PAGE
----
Fenn Farm facts for kids
Quick facts for kids
|Location||VT 116 (Case St.), W side, Middlebury, Vermont|
|Area||94 acres (38 ha)|
|MPS||Agricultural Resources of Vermont MPS|
|NRHP reference No.||94001518|
|Added to NRHP||January 6, 1995|
Fenn Farm is a historic property on Case Street in Middlebury, Vermont. Developed c. 1828 as a sheep farm but now diversified, it now includes a well-preserved collection of mid-19th century farm buildings. It was listed on the National Register of Historic Places in 1995.
Description and history
Fenn Farm is located in rural eastern Middlebury, on about 100 acres (40 ha) of land laid out in a relatively narrow strip on either side of Case Street (Vermont Route 116). The landscape consists of rolling hills, divided into a combination of uses, including pasture, agriculture, and woodland. The farm buildings are set in a cluster on the west side of the road. The oldest portion of the farmhouse is a 1-1/2 story Cape style three-bay wood frame structure, built by 1840 (and possibly as early as 1828), with a series of additions to the rear. Farm buildings from the 19th century include a c. 1860 horse barn and granary, and a c. 1880 piggery. Twentieth-century buildings include a hen house, milk house, and circular silo.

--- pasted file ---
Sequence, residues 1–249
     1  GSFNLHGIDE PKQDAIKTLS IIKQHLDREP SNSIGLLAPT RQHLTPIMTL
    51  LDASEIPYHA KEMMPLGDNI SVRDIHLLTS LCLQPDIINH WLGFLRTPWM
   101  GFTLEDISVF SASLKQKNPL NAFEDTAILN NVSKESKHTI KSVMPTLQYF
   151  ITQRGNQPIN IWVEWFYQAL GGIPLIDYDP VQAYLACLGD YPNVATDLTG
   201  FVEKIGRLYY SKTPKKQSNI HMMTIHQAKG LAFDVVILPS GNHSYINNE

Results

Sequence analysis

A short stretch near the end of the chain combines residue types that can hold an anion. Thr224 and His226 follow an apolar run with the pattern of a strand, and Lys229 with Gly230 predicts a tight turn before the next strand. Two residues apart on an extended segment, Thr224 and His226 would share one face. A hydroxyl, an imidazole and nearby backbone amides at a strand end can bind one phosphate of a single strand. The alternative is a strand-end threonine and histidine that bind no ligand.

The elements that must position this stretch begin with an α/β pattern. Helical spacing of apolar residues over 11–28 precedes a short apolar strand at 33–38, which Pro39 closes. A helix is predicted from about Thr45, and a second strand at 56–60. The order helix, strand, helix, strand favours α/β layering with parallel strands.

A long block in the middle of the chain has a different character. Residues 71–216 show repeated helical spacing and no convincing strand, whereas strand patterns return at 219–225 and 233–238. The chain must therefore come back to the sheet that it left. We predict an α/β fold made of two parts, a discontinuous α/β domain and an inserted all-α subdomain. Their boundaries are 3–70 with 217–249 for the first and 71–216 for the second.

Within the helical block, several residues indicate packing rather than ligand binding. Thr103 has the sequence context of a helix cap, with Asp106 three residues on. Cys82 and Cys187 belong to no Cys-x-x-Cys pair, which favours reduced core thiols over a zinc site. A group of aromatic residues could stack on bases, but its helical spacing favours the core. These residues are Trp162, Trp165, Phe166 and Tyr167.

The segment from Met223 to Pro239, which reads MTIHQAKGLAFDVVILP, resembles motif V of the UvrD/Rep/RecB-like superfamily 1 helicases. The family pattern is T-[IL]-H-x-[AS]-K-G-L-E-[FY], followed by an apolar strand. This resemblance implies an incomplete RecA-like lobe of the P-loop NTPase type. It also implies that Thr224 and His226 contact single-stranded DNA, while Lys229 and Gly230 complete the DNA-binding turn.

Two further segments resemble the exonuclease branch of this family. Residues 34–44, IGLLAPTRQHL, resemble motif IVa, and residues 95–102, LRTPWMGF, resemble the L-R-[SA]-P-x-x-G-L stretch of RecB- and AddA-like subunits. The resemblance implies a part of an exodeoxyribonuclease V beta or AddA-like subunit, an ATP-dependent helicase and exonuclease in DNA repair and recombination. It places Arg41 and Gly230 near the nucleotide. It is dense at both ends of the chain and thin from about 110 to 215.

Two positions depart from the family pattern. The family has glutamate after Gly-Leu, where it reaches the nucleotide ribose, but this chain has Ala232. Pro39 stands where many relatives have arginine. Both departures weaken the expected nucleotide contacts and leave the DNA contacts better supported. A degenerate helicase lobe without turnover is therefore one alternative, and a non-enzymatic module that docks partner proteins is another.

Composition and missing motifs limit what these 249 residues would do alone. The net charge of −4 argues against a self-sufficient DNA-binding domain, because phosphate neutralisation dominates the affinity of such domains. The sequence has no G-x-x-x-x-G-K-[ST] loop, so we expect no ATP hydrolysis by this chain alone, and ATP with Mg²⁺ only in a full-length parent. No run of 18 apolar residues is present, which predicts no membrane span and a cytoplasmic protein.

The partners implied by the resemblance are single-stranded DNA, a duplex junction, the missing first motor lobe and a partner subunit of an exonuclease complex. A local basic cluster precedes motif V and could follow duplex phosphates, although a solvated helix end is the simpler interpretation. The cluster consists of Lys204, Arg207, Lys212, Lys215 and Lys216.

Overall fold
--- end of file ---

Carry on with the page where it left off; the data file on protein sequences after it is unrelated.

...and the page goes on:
Land for the farm was first cleared about 1828 by Silas Torrance, who engaged in the raising of sheep. By 1850, the property was owned by Daniel Sessions, and the farm was more diversified, producing grain and dairy products in addition to wool. In 1854 the property was acquired by James Fenn, and it has remained in the hands of his descendants since then. Emphasis on dairy production increased significantly in the early 20th century, and chicken and egg production was furthered by the construction of the hen house in the 1980s.
Fenn Farm Facts for Kids. Kiddle Encyclopedia.